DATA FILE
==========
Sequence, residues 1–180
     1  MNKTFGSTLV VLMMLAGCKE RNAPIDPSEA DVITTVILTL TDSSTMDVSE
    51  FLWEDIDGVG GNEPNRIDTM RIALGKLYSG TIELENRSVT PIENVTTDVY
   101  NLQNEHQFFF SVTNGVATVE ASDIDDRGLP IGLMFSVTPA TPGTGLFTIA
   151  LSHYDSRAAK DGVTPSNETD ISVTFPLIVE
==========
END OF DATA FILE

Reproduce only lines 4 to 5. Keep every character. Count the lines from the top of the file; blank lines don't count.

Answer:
   101  NLQNEHQFFF SVTNGVATVE ASDIDDRGLP IGLMFSVTPA TPGTGLFTIA
   151  LSHYDSRAAK DGVTPSNETD ISVTFPLIVE